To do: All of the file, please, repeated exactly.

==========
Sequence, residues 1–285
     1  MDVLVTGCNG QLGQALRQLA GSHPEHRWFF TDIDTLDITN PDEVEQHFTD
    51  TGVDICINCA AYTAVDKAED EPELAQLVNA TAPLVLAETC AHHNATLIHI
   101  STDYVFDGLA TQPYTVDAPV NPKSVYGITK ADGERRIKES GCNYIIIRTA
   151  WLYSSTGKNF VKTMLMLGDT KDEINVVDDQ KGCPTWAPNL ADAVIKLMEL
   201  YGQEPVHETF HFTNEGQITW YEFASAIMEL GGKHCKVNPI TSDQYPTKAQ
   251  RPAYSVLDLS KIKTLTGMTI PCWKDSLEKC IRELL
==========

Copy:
Sequence, residues 1–285
     1  MDVLVTGCNG QLGQALRQLA GSHPEHRWFF TDIDTLDITN PDEVEQHFTD
    51  TGVDICINCA AYTAVDKAED EPELAQLVNA TAPLVLAETC AHHNATLIHI
   101  STDYVFDGLA TQPYTVDAPV NPKSVYGITK ADGERRIKES GCNYIIIRTA
   151  WLYSSTGKNF VKTMLMLGDT KDEINVVDDQ KGCPTWAPNL ADAVIKLMEL
   201  YGQEPVHETF HFTNEGQITW YEFASAIMEL GGKHCKVNPI TSDQYPTKAQ
   251  RPAYSVLDLS KIKTLTGMTI PCWKDSLEKC IRELL